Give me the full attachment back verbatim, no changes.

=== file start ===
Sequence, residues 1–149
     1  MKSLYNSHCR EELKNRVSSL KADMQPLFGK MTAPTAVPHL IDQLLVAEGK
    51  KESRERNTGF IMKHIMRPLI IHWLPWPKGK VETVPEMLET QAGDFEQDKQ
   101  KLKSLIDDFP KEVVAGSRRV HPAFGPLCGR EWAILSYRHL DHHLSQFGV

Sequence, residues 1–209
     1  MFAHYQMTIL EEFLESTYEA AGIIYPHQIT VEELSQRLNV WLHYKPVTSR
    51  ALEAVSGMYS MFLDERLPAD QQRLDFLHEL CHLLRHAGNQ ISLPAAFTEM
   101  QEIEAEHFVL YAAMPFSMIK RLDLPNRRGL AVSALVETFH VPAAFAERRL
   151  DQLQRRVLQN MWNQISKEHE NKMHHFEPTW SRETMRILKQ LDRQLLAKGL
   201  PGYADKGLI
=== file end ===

Sequence, residues 1–149
     1  MKSLYNSHCR EELKNRVSSL KADMQPLFGK MTAPTAVPHL IDQLLVAEGK
    51  KESRERNTGF IMKHIMRPLI IHWLPWPKGK VETVPEMLET QAGDFEQDKQ
   101  KLKSLIDDFP KEVVAGSRRV HPAFGPLCGR EWAILSYRHL DHHLSQFGV

Sequence, residues 1–209
     1  MFAHYQMTIL EEFLESTYEA AGIIYPHQIT VEELSQRLNV WLHYKPVTSR
    51  ALEAVSGMYS MFLDERLPAD QQRLDFLHEL CHLLRHAGNQ ISLPAAFTEM
   101  QEIEAEHFVL YAAMPFSMIK RLDLPNRRGL AVSALVETFH VPAAFAERRL
   151  DQLQRRVLQN MWNQISKEHE NKMHHFEPTW SRETMRILKQ LDRQLLAKGL
   201  PGYADKGLI